Similarly, his estimation about Swamiji was tremendous. He described him as “a very lion among men”. He said: “The going forth of Vivekananda, marked out by the Master (Sri Ramakrishna) as the heroic soul destined to take the world between his two hands and change it, was the first visible sign to the world that India was awake not only to survive but to conquer.” Sri Aurobindo was a prolific writer on the Vedas, the Upanishads, and the Bhagavad Gita. His interpretations of these important scriptures were “in the non-sectarian spirit of Sri Ramakrishna and Vivekananda”. In a treatise on Isha Upanishad he reflected on Sri Ramakrishna’s precept of non-difference (abhedatwa) between Brahman and Shakti. Sri Ramakrishna is specially conspicuous in his book The Life Divine. He used in it in the parables and analogies used by Sri Ramakrishna. “Developing Sri Ramakrishna’s teaching that ‘everything is possible for God’, Sri Aurobindo claims that the ‘infinite is illimitably free, free to determine itself infinitely, free from all of its restraining effect of its own creations’.”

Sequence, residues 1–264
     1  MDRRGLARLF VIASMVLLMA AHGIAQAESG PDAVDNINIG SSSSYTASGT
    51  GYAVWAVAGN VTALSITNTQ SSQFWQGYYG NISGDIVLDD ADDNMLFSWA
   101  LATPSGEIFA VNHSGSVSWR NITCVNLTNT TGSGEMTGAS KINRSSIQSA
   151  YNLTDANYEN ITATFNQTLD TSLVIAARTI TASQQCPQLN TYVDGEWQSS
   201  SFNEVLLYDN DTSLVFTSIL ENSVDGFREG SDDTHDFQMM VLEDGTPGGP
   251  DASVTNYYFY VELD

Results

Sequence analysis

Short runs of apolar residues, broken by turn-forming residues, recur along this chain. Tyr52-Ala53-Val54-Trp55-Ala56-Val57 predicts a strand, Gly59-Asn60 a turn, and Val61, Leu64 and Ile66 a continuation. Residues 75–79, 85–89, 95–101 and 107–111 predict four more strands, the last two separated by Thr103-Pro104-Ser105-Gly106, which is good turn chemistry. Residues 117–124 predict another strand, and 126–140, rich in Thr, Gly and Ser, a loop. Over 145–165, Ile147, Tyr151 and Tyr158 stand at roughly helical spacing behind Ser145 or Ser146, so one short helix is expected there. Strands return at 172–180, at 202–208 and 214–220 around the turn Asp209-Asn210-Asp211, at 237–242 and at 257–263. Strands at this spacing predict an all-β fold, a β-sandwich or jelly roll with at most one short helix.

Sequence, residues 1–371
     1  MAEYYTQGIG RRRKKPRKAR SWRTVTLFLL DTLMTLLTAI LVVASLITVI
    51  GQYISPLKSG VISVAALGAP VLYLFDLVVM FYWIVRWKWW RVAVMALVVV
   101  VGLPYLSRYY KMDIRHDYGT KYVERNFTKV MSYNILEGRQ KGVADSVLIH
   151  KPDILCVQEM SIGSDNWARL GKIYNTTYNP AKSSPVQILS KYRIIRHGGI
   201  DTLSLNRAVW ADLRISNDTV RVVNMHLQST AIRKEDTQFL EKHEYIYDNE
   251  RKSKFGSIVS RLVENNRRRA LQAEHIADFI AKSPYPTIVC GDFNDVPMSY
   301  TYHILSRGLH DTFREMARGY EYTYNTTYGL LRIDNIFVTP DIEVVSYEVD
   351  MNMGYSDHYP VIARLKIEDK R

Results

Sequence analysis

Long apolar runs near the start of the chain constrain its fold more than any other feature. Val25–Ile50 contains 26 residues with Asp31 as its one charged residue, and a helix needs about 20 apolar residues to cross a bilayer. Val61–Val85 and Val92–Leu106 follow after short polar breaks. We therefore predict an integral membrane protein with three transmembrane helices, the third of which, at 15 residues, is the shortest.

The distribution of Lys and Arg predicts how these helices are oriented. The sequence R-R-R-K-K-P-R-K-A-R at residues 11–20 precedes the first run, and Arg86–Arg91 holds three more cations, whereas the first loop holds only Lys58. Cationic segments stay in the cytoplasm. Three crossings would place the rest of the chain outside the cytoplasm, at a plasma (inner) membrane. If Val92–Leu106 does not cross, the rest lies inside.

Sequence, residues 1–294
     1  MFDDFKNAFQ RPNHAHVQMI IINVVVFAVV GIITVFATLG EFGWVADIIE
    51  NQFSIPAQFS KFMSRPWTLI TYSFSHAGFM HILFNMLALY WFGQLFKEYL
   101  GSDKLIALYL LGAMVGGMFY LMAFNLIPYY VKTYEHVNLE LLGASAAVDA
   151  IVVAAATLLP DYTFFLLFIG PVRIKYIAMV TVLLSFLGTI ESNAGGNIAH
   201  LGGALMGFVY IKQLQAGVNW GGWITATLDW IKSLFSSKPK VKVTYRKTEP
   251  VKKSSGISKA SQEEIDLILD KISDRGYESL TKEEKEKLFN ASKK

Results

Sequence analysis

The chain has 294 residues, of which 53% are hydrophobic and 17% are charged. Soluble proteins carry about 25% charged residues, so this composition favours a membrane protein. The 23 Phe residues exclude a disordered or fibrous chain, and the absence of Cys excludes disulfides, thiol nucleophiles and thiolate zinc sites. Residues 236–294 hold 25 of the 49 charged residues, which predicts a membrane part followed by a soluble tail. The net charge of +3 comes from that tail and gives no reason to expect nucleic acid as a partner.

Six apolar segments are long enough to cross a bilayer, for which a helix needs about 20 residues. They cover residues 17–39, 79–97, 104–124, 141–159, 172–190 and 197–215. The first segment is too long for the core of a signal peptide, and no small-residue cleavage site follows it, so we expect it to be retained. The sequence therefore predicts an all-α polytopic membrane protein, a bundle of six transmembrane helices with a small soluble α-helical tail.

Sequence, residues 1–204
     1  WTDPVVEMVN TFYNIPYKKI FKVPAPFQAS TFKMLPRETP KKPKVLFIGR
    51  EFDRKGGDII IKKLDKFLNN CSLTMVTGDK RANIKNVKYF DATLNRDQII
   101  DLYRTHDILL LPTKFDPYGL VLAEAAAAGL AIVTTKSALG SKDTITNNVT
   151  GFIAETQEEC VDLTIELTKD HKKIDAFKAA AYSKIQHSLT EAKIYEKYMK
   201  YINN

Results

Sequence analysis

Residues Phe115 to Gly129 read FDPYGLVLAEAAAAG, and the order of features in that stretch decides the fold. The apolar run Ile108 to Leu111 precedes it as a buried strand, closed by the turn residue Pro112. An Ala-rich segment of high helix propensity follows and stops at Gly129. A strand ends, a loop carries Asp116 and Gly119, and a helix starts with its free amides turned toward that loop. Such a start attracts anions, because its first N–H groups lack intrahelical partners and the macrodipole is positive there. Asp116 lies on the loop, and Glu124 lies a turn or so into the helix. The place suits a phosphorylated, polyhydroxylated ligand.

Again, as Sri Ramakrishna said God is both “with and without form”, so also Sri Aurobindo said that the Divine Being “is at once Form and the Formless”. There are numerous such instances in his works which he believed deserve allusions for the benefit of the seekers of Truth and God. According to Sri Aurobindo, all religions “express one Truth in various ways and move by various paths to one goal”. In the final analysis Vedanta propounds that “the Infinite Reality is at once personal and impersonal, static and dynamic, with and without form, immanent and transcendent”.
He affirmed “the harmony of all religions precisely on the basis of this non-sectarian Vedantic worldview”, faithfully following Ramakrishna and Vivekananda. The actual revolutionary activity of Sri Aurobindo spanned hardly four years. But his spiritual pursuit spanned four decades. Within this period he raised himself by intense sadhana to be an extraordinary yogi of distinctive character and epitome. Cutting across classes, communities and countries, he is now globally acceptable as a spiritual pathfinder for peace and harmony.
(The writer is with Ramakrishna Mission, Narendrapur)